DALLAS -- Bank executives and a handful of third-party service providers convened here last week to attend a separately managed account conference focused on how banks can penetrate a space heavily dominated by the major wirehouses.
The event, co-sponsored by the Money Management Institute and Thomson Media, kicked off with Jeff Cusack, executive vice president of national sales and marketing at JP Morgan Private Client Services, and Len Reinhart, president of Lockwood, providing an overview of the current SMA landscape as well as the necessary building blocks of a viable SMA business.
The first decision banks or other financial institutions must make is whether to build, buy or rent an SMA platform. Building carries significant cost, particularly when it comes to the technology infrastructure. Cusack noted that in order to be considered a true player in the SMA market, a firm has to amass $3 billion to $5 billion in assets within two years.
Access to money managers is a crucial step in putting together a viable SMA offering. Money managers often abstain from participating on a smaller platform due to their tighter margins and limited scalability. On the upside, however, Cusack predicted that the cost of third-party providers will go down and the quality of those providers will increase as competition grows along with assets.
One pitfall Cusack observed within the SMA industry is the use of so-called "business silos" in which employees report up and out of a regional office to a director situated in a different locale. He identified silos as an impediment to conducting business and said that a better solution would be to have a director stationed in that particular office for the sake of cohesion.
Reinhart posed the question, "Are SMAs better than mutual funds?" His reply was, "Absolutely not. They're just different," noting the difference in level of customization.
Reinhart, known as one of the pioneers of the SMA industry, outlined a few considerations for banks mulling an SMA platform, including the regulation and compliance burden, targeting the right clients and setting the right goals. Banks with an SMA offering would fall under the jurisdiction of three watchdogs: bank regulators, the Securities and Exchange Commission and the National Association of Securities Dealers.
However, what really makes a managed account platform work can be pinned to four key building blocks, according to Reinhart. The first part is educational training. "No one has ever walked into my office clutching a pile of money demanding an SMA," Reinhart said. "It's a sold product."
"You have to build the internal sales force, otherwise you're toast," said Jim Seuffert, chief operating officer at Lockwood. "You need to teach people how to sell."
In order to capture the high-net-worth client, Maureen Wilke thought it best to give the customer a reason to select your bank. She suggested banks integrate branding and high-net-worth client profiles as the first step in positioning for an SMA offering. She recommended using a team approach, calling it "the wave of the future" and aligning those teams by training them on client-centered solutions and the SMA process. She encouraged conference attendees to bring this message back to their respective firms: "Focus on life events and not just returns."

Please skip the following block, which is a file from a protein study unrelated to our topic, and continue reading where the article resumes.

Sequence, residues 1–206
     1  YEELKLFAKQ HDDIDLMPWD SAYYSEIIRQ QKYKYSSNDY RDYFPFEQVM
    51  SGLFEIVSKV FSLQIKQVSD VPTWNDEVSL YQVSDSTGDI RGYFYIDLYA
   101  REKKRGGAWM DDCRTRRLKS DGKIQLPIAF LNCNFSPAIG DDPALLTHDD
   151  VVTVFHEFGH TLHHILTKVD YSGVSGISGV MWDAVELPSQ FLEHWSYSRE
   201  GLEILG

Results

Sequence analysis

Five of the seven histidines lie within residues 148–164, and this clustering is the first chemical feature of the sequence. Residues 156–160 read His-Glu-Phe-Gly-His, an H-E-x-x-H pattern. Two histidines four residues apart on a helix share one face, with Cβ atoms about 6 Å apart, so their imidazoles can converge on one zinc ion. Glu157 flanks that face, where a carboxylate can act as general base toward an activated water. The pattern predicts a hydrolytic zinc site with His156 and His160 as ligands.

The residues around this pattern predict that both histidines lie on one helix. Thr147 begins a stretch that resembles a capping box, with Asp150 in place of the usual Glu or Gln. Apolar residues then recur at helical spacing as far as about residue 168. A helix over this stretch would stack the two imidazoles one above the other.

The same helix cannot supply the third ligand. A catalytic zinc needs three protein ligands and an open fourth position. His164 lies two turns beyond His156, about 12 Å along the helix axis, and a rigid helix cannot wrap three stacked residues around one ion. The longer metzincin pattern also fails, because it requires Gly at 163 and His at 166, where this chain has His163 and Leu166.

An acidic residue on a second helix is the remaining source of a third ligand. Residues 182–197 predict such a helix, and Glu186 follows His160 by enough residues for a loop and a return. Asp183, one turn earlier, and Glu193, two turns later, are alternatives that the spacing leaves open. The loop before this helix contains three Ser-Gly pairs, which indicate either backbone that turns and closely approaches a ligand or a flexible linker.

The second building block is compensation, which Kristine Garrett, senior vice president and regional director of JP Morgan Chase PCS, argued should be comprised of two-thirds cash and one-third restricted shares of stock, three years fully vested for members of the team. She also recommended that each team have a "quarterback" responsible for accounts worth $10 million and up.
The third stepping stone in building a successful SMA business plan centers on recruitment of talent. "You can't recruit unless you get a lot of the other pieces right," said George Wilbanks, managing director of Russell Reynolds. For starters, he said firms have to create an environment that fosters success. He also urged new entrants to offer an integrated product platform and to align management and compensation policies with target client universes. Wilbanks stressed the importance of having a good rapport with people, calling human capital "the only substantial competitive advantage."
Ultimately, it comes down to having commitment from the top. "You need the support of senior leadership," Wilbanks said. "You can't have one toe in, and one toe out." He also reminded the audience that culture doesn't happen overnight, but rather it is forged over time. But if you know your competition, have your recruiting game active, focus on long-range planning and respond aggressively to unplanned opportunities, you can avoid being an "also ran," he said.
Lastly, and certainly the most expensive building block is ops and tech, a lengthy undertaking that requires a big investment that is hard to implement. Reinhart dubbed this the "largest barrier to entry." Currently, SMAs operate on different-scale tracks that make connectivity difficult. Integrating front-end software with middleware and back-end operations make up what Reinhart calls the "Holy Grail." Standardization of industry practices is not yet a reality, he conceded, but the industry is moving closer and closer.